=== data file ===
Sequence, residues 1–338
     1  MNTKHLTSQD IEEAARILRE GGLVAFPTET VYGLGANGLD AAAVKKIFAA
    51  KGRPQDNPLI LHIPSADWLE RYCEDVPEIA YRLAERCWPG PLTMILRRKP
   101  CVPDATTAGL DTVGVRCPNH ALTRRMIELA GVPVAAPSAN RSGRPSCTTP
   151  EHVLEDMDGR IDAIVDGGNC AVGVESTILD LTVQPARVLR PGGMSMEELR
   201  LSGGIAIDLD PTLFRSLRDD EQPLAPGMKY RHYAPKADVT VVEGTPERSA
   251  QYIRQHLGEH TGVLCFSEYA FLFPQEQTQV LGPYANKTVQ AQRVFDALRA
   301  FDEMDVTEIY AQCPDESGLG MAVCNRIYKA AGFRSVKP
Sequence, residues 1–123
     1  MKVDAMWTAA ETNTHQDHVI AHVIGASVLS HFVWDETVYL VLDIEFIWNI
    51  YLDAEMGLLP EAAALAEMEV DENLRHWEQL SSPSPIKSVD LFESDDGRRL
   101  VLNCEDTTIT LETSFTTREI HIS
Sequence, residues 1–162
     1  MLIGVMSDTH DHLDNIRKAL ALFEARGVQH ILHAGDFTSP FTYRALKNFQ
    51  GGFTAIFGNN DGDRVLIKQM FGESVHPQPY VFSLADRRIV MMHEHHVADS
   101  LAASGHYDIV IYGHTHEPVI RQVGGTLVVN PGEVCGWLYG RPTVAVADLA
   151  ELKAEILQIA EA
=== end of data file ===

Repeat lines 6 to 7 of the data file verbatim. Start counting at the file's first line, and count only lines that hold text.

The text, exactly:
   201  LSGGIAIDLD PTLFRSLRDD EQPLAPGMKY RHYAPKADVT VVEGTPERSA
   251  QYIRQHLGEH TGVLCFSEYA FLFPQEQTQV LGPYANKTVQ AQRVFDALRA